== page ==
Editor’s note: the following column discusses sexual abuse and may be difficult to read for some people. 

TRIGGER WARNING: Sexual Abuse

Dear John,

How do I support my husband’s needs being a woman who was sexually abused by her father?

How can I better understand his experience and not get overwhelmed with the feeling of guilt that it is my fault & that if he weren’t married to me he wouldn’t have to deal with this…feeling like it’s my fault and if I removed myself from the equation, then my husband would be better off…

How do I talk about it with him and not take on his feelings & being triggered?

Continued from last week…

Dear Survivor,

PART III

“How can I better understand his experience and not get overwhelmed with the feeling of guilt that it is my fault & that if he weren’t married to me he wouldn’t have to deal with this…feeling like it’s my fault and if I removed myself from the equation, then my husband would be better off…”

There is much repair work required to undo the trauma perpetuated against you by the individual entrusted to protect you – your father. I acknowledge and honor that this can be a long and arduous process to endure. However, the freedom, confidence and resiliency from undergoing such a journey is well worth it. I have seen the rewards firsthand with my fiance, and close friends and family.

Living in guilt or with guilt can feel like a prison. Genuine remorse and concern is a healthy component of empathy, and so is guilt. Guilt, remorse, and concern arise because you care. But, guilt can easily turn into shame if you start to believe that you are responsible for your husband’s perceived unhappiness or the burdens in his life. If you find yourself in guilt or shame, you run the risk of creating false narratives and unnecessary separation from your husband. Authentic stories can bring us together, but fictional stories we tell ourselves can tear us apart. Bringing in and nurturing your self-love, self-compassion, and forgiveness can help to release any shame or guilt around these stories. Brene Brown, undoubtedly a queen of story-telling, talks about the power of this statement, “the story I am telling myself…” Tell your husband that you are telling yourself a story and see how he responds. Oftentimes, making this statement out loud and to ourselves is enough to defuse the power of these fictional stories we tell ourselves.

If you are curious about what he is experiencing, create time and space to ask him. Be willing to hear his joys and struggles. Ruminating that your husband would be better off or that his unhappiness is your fault is creating distance and separation from him. You have to trust that he will tell you if he is overwhelmed, struggling, or challenged with how to support you or be in your marriage. Trust your intuition if it is telling you that something is off, but also trust it if it is telling you that everything is okay. If you’re having a hard time attuning to your inner guidance, invite him into a dialogue to explore this topic gently. Be honest about your feelings and ask the same from him.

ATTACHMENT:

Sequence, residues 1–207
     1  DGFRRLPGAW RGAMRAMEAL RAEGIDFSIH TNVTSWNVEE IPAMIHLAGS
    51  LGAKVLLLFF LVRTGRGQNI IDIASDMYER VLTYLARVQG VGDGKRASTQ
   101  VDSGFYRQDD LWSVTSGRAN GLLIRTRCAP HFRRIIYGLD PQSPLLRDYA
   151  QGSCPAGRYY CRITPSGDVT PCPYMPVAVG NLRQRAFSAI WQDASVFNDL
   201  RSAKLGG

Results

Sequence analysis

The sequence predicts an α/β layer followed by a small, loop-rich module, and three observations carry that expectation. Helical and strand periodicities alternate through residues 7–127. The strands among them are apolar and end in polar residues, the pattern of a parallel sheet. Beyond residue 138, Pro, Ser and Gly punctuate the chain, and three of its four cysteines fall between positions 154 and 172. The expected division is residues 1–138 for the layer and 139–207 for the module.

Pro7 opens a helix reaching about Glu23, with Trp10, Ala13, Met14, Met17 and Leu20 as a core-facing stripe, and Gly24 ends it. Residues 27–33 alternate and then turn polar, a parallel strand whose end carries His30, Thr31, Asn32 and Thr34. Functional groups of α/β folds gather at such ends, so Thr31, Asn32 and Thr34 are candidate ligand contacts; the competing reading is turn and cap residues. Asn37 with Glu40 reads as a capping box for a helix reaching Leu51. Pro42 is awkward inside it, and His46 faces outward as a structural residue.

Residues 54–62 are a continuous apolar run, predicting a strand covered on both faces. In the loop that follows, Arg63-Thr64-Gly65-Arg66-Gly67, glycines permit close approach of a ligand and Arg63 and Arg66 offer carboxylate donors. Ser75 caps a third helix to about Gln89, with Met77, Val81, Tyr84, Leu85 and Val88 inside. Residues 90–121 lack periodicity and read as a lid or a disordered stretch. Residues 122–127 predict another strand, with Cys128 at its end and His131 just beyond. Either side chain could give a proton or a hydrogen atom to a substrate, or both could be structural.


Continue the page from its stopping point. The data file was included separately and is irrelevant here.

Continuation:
Creating a container of safety is always a good idea when exploring the wounding around your sexual abuse, especially if there are elements that are still unprocessed. Unprocessed trauma can be nuanced and tricky because there will still be unidentified triggers that can cause re-experiencing of the past traumas, flooding and overwhelm, dysregulation, and an autonomic response that puts us into a fight, flight, freeze or submit response. If you or your husband do not know or haven’t named your triggers, you may be walking into a minefield. Even with the best intentions, once triggered, you could shut down, react, shutdown and/or create reprocessing trauma. Oftentimes it is best to incorporate a skilled professional to help with these discussions until you have built the requisite skills to navigate them on your own. Each time you name and process a trigger, integrate a piece of your abuse history, and deepen your understanding of your inner environment, the discussions become less treacherous. For your husband, if he is openly and honestly sharing his experience, or shares some raw, unfiltered thoughts, it could be triggering and render the discussion ineffective. Once the autonomic system is activated, it is difficult to regulate and bring your awareness back into the present moment without practiced skills, understanding, and support. My comments are not to suggest that you cannot do it, but rather to minimize any reprocessing trauma and hurtful misunderstandings that come from opening delicate conversations with our best intentions.

To be continued…check back next week for part 4 of this 6 part series.

With love and light,

John Moos, MD For More Resources: RAINN – Rape, Abuse & Incest National Network The Courage to Heal: A Guide for Women Survivors of Child Sexual Abuse by Ellen Bass and Laura Davis The Courage to Heal Workbook: A Guide for Women and Men Survivors of Child Sexual Abuse by Laura Davis The Body Keeps the Score: Brain, Mind, and Body in the Healing of Trauma by Bessel van der Kolk, M.D.